On Sunday, December 17th, The Connecticut Mirror released a groundbreaking investigative story into Bridgeport’s 2023 mayoral primary, one that exposes the shocking, yet widely-known truth about our elections: Political operatives break election laws and target and manipulate some of our most vulnerable voters, all for the purpose of controlling the outcomes of our local elections.

This story builds on the evidence we gathered with a team of canvassers after the 2019 mayoral primary and presented in the subsequent historic lawsuit, Lazar v. Ganim, as well as the evidence presented in court during this year’s unprecedented Gomes v. Clemons trial. It affirms what Bridgeport voters have known for decades: Local Democratic Party officials, operatives, and candidates rely on the harvesting of absentee ballots to win their elections. And it points to clear and comprehensive reforms that must be passed this legislative session, if we are to restore democracy in Connecticut’s largest city.



Led by a team of reporters and editors, this painstaking investigation took months, uncovering the patterns and practices of Democratic party leaders, political operatives, and candidates like Wanda Geter-Pataky, Alfredo Castillo, Maria Pereira, and more. From CT Mirror:

In reporting “How the battle for absentee ballots defined the Bridgeport election,” The Connecticut Mirror documented how Bridgeport political operatives influenced the absentee voting process ahead of this year’s mayoral primary. Here’s how we did it. 

To create the basic database, a team of reporters and editors digitized PDF files of more than 4,400 absentee ballot applications that were submitted ahead of the primary and later entered as evidence in court. We manually entered information from every application into a spreadsheet, including voter name, the dates each application was signed and submitted, the name of the person noted as assisting in filling out the application and other relevant information.

“How CT Mirror investigated Bridgeport’s absentee voting process,” by José Luis Martínez and Katy Golvala, December 17, 2023 @ 4:58 am

We’ll have more to share about what’s been revealed from this important investigation, but in the meantime, here are some key takeaways:

1. Bridgeport had the highest percentage of absentee votes during the 2023 primaries, double the percentage in Stamford and more than triple in New Haven.

2. The scramble to sign up absentee voters for this year’s primary began in earnest in early June, and the various campaigns were so persistent that at least 370 Bridgeport residents eventually had two or more absentee applications submitted in their names.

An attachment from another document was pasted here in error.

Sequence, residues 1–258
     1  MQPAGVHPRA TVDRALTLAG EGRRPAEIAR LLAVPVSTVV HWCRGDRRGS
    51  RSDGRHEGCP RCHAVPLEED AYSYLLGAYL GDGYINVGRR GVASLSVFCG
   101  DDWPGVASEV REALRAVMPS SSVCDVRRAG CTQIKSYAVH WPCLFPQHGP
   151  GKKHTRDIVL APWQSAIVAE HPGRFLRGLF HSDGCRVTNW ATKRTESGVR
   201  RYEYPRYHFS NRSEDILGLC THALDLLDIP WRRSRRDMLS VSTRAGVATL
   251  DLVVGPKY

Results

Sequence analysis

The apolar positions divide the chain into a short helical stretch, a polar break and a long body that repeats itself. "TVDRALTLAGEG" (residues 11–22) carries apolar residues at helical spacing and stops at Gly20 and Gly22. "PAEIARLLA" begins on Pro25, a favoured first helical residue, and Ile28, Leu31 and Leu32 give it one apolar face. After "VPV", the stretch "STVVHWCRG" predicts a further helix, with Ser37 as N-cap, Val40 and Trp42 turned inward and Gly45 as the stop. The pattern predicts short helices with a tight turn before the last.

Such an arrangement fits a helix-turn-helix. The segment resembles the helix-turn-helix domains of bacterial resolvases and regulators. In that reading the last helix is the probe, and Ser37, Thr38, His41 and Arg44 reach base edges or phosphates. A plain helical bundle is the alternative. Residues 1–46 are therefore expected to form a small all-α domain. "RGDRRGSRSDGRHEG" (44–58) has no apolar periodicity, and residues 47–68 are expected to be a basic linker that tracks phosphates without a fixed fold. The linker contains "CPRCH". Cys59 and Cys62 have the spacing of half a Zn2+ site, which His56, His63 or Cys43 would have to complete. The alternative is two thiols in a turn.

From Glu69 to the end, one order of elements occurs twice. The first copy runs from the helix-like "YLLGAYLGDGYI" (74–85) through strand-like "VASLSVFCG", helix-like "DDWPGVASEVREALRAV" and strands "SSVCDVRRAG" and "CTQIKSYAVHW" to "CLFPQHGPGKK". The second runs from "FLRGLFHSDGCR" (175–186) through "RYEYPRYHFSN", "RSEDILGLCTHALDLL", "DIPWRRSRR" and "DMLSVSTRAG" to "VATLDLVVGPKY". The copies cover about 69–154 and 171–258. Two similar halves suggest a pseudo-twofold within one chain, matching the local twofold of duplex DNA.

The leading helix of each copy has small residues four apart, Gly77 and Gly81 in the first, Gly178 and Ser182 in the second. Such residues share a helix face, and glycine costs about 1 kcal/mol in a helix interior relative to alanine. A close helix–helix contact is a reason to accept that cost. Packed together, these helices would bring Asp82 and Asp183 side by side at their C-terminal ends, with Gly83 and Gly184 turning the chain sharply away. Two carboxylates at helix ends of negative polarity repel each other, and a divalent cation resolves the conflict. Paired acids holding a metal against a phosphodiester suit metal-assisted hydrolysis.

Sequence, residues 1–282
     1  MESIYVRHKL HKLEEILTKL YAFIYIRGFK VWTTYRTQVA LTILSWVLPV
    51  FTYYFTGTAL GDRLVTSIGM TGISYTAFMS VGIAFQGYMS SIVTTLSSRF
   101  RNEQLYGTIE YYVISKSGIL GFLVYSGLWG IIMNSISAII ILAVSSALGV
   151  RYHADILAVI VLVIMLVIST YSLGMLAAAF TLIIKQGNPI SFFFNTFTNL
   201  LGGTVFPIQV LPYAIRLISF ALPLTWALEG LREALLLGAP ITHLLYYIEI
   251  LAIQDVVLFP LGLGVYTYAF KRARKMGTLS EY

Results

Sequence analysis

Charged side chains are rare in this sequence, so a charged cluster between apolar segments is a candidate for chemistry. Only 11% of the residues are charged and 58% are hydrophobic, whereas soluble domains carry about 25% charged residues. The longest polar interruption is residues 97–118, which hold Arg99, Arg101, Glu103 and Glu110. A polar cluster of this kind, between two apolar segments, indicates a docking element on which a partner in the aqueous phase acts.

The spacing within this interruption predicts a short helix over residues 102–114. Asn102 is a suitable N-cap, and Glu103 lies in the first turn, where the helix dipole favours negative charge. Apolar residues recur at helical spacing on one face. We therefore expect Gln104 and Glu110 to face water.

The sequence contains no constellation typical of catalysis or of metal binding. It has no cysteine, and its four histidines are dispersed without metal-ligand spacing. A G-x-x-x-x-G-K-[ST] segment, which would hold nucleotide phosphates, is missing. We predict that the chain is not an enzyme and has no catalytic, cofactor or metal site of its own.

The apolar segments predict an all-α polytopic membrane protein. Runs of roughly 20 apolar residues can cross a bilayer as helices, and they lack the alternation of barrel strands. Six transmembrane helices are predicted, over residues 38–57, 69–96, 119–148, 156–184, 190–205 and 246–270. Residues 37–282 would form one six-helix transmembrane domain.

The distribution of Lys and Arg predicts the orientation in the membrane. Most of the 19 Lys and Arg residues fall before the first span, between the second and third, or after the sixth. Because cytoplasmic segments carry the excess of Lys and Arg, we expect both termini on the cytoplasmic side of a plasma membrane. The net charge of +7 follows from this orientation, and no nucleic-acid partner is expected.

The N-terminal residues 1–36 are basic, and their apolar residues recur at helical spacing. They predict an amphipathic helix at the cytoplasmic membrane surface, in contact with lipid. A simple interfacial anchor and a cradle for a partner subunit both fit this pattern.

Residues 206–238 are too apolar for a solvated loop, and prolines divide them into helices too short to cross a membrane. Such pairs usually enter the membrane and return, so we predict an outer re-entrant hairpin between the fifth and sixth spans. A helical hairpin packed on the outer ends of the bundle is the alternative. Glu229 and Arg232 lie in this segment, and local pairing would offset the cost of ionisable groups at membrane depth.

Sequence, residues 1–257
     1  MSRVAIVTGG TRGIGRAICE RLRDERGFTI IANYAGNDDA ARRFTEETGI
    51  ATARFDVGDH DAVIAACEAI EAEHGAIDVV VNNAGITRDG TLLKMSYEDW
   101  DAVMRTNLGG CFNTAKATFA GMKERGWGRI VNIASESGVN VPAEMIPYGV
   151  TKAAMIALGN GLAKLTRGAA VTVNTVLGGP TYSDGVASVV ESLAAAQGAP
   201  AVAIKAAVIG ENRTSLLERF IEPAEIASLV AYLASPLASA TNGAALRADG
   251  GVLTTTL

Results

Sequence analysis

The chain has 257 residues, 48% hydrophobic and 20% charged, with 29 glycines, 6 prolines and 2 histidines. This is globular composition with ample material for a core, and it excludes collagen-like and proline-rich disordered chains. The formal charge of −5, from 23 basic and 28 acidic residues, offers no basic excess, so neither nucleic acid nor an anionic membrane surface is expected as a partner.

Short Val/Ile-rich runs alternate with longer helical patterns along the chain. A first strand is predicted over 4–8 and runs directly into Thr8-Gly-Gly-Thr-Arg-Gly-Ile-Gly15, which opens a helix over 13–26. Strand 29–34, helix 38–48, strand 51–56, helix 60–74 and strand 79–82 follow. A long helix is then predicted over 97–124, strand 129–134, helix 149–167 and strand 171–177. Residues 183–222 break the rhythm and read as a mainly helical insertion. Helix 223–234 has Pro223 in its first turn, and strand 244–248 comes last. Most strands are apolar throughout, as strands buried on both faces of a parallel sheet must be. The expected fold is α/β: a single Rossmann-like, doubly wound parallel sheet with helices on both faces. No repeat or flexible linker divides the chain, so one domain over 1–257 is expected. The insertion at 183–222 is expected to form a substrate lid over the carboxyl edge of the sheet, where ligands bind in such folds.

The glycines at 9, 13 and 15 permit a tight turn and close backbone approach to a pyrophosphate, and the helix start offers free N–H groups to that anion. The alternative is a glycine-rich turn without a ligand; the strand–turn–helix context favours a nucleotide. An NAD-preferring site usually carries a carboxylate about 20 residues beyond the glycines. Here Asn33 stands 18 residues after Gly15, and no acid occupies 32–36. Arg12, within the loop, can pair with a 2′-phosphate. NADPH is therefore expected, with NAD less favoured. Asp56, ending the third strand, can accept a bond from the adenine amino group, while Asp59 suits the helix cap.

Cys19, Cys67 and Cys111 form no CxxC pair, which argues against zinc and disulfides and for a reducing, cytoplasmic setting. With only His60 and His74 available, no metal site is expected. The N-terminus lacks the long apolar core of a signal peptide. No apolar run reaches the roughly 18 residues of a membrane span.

3. Wanda Geter-Pataky, who backed Ganim, assisted more people in filling out absentee ballot applications than anyone else, signing her name to over 530 applications. That represented at least 12% of the applications that were submitted, despite the fact that records indicate she never registered to distribute those forms, as state law requires.

4. Wanda Geter-Pataky did not register with the town clerk to handle absentee applications during the primary. Instead, she distributed applications that were signed out of the clerk’s office by Democratic state Rep. Marcus Brown, Democratic Town Committee member Stephen Eaton, and Alfredo Castillo, a city councilman who was also referred by the SEEC this year for potential criminal charges stemming from his actions during Bridgeport’s 2019 municipal primary.

5. 336 of Wanda Geter-Pataky’s applications came from Alfredo Castillo. Brown, Eaton, Castillo, and Aidee Nieves all failed to file reports by election day detailing which voters they provided with applications.

6. Bridgeport Generation Now Votes requested 19,000 absentee applications ahead of the primary this year and mailed the forms to a larger number of eligible Democratic voters in Bridgeport. This was an effort to lessen the voters’ reliance on the people who were going door-to-door and to cut down on instances of coercion and fraud. They followed state law by registering with the clerk and turning in a detailed report about which voters they mailed the applications to.

7. Almost half of the absentee ballots requested in Bridgeport went to voters in the 137th and 138th districts. Nowhere was the contest for absentee votes more cutthroat than Bridgeport’s 138th district in the city’s northeast corner, where the mayoral contest played out alongside a competitive race for two city council seats between Maria Pereira and Jazmarie Melendez vs. Kevin Monks and Samia Suliman.

8. Bridgeport Generation Now Votes said they are going to advocate for a bill that prohibits any candidate, campaign staffer or party official from handling or distributing applications for absentee ballots. Their hope is that such a change would limit who can request an absentee ballot for another person to family members and other legal designees. That type of legislation, which is already law in states including Massachusetts, would be the best way to fix Bridgeport’s elections and to prevent voters from being further exposed to “manipulation, harassment, intimidation and fraud.”